CEE & CIS news

Published: February 1, 2017

European banks step up Bank Payment Obligation (BPO) activities

Following the first ever live UK BPO, banks are extending their BPO coverage across western Europe, CEE and other overseas markets.

The Bank Payment Obligation, a new trade finance and risk mitigation instrument that is electronically transmitted between banks to support trade transactions, is gaining traction across Europe. 

Two major European banks are increasing their use of the instrument on behalf of western European corporate trade counterparties and expanding its availability to counterparties in CEE countries such as Romania and Bulgaria. Other overseas markets are also being tapped.{mprestriction ids="*"}

Most recently, in a landmark transaction, Commerzbank and UniCredit, two banks which have led adoption of the BPO in Europe, conducted the first ever live BPO in the UK.

The transaction covered the export of chemicals from Ireland to Italy with Commerzbank acting for the Irish supplier - Heraeus Metal Processing - and UniCredit acting for the buyer - Genoa-based Ecocat Italia Srl.

Commerzbank claims it has now conducted multiple BPOs for SMEs, large corporates and multinationals and the bank is looking to grow its activities in Europe and other overseas markets.

UniCredit is also expanding its BPO activities. 

Last summer, it completed the first BPO transaction ever in Romania for wastewater processing firm Adiss SE and its German supplier Huber SE.

More recently, it has extended its BPO coverage and capabilities further to Bulgaria.

Raphael Barisaac, UniCredit’s global head of trade products, told emeafinance that the BPO has scope for further growth in both central and eastern Europe. 

“We are a European Bank with a strong western, central and eastern European network of branches - both corporate and retail - and will be using this to promote the BPO to our client franchise, ” he said pointing out that UniCredit sees the product as offeing some of the greatest benefits to small and mid-sized corporates.

“We work alongside our customers and wherever they go, we will go with them. “

UniCredit’s pioneering philospohy with the BPO is emphasised in its involvement in the first ever BPO transaction in Germany, which took place in October 2014 between RVT Rühr-und Verfahrenstechnik and Mitsui & Co Plant Systems.

It then followed this up in 2015 with the first ever BPO in Italy between SPIG SPA, a producer of industrial cooling systems, and one of its German suppliers. 


Comfort and security
Early analysis of the BPO in the trade finance market suggested that the new instrument would have some of its strongest appeal to counterparties still involved in paper-based, letter of credit trade finance, which is still practised in Asia.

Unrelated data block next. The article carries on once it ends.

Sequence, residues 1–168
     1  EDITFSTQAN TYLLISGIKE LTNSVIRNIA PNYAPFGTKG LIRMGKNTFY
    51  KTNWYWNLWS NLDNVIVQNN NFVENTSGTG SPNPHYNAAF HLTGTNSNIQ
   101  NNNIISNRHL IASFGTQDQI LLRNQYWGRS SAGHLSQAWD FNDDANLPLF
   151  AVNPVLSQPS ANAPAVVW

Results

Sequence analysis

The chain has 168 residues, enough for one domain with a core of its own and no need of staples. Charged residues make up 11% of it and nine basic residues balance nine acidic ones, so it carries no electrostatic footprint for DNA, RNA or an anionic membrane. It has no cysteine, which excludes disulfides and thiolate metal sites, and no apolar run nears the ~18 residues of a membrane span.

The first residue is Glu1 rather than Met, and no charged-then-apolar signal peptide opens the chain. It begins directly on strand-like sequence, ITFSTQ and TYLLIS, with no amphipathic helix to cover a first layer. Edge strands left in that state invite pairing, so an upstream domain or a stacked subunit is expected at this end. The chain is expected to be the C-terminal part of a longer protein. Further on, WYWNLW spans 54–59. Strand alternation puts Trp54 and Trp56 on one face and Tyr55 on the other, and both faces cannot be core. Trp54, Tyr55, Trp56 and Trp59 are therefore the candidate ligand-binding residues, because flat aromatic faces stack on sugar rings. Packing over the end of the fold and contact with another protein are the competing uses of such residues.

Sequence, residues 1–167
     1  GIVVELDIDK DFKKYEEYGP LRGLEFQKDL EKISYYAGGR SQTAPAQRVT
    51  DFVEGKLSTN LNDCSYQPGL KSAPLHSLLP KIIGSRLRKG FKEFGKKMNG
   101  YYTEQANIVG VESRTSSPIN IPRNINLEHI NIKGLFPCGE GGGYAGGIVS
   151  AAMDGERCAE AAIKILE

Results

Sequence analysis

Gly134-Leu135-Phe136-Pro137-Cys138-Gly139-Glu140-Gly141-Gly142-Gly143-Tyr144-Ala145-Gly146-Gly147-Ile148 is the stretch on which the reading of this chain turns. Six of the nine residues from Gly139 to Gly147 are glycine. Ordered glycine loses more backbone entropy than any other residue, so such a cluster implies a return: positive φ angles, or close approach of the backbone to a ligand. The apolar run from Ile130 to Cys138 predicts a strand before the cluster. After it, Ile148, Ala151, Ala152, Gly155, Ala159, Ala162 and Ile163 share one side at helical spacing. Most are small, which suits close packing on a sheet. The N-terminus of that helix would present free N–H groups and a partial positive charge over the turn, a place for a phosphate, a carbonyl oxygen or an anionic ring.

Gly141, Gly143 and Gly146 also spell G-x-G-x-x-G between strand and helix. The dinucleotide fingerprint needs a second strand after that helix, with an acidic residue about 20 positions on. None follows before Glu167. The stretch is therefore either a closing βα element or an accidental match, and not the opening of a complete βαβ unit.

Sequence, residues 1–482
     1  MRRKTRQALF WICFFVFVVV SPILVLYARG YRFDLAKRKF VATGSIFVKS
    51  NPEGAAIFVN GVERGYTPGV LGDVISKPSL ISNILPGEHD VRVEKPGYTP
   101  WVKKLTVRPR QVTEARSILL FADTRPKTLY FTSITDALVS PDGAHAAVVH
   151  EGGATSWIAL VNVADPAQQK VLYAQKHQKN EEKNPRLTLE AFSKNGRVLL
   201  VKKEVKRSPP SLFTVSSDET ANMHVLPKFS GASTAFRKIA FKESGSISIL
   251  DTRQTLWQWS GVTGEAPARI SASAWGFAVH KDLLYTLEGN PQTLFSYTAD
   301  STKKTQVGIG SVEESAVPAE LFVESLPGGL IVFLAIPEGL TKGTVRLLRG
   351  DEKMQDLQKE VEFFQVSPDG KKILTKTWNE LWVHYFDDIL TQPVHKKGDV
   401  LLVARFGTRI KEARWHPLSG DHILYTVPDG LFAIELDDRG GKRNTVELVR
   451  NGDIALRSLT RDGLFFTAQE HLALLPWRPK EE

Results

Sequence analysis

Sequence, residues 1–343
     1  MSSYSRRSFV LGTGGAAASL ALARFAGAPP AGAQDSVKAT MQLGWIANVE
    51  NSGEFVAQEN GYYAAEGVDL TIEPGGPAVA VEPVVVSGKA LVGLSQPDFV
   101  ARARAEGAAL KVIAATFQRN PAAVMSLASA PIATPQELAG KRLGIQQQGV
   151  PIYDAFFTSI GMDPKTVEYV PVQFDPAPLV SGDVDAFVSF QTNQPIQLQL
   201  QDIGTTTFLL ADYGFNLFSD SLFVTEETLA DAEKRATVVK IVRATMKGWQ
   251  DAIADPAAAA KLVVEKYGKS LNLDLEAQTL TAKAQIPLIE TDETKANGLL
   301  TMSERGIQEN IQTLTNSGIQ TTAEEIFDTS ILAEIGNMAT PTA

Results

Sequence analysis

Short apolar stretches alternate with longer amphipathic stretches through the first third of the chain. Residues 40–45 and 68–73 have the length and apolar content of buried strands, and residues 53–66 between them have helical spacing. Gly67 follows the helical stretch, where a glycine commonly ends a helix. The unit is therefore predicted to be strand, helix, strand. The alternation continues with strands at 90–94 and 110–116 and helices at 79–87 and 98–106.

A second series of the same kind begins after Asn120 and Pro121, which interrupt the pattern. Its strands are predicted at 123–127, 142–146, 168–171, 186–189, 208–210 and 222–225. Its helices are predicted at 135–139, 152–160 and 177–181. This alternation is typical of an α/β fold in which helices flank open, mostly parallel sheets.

However, Barisaac believes that it can bring some of the greatest potential to counterpaties involved in open account trade.

“The BPO is not replacing letters of credit,” he explained.

“Regardless of the BPO, the number of letter of credit transactions taking place globally is going down. In many respects the BPO is an instrument that can provide added comfort and security to companies who are working on an open account basis.

“Aside from providing increased business risk mitigation, it involves a digital purchase order and a digital invoice, thereby improving digitisation in trade finance processes,” explains Barisaac.

UniCredit, he claims, has already conducted significant numbers of BPO transactions and, while the bank is continuously attracting new corporate counterparties, existing users are also taking greater advantage of it.

“Customers that have used this instrument, and experienced its benefits, then tend to use it again and again – and implement it into their other trade flows,” he explained.

“We have put great effort into improving the availability and convenience of the BPO for our clients.”

He added that the bank’s fully digitalised BPO execution platform offered corporate clients a solution which combines automated processing of the flows with cost management, prompt payments and financial options for the seller.

At Commerzbank Petra Burckhardt, global head of product management trade services, added: “The benefits of the BPO for our clients, and their increasing demand for it, are the drivers behind our decision to expand our BPO activities in Europe and overseas.”

 She pointed out that Commerzbank’s most recent BPO client Heraeus Metal Processing Ltd chose this instrument to settle its transaction in order to benefit from payment assurance as well as cost savings emanating from faster and more efficient processes due to the electronic handling of data. 

The BPO, which was first pioneered in Asia in 2010 by banks such as Bank of Tokyo Mitsubishi, is a digital trade finance settlement solution, which represents an irrevocable undertaking by the buyer’s bank towards the seller’s bank to effect the relevant payment as the invoice falls due.

This undertaking of payment is made based on the electronic matching of trade data between the participating banks.

UniCredit’s BPO activities recently won it the Italian Banking Association (ABI) award for having the most innovative banking product for corporates.

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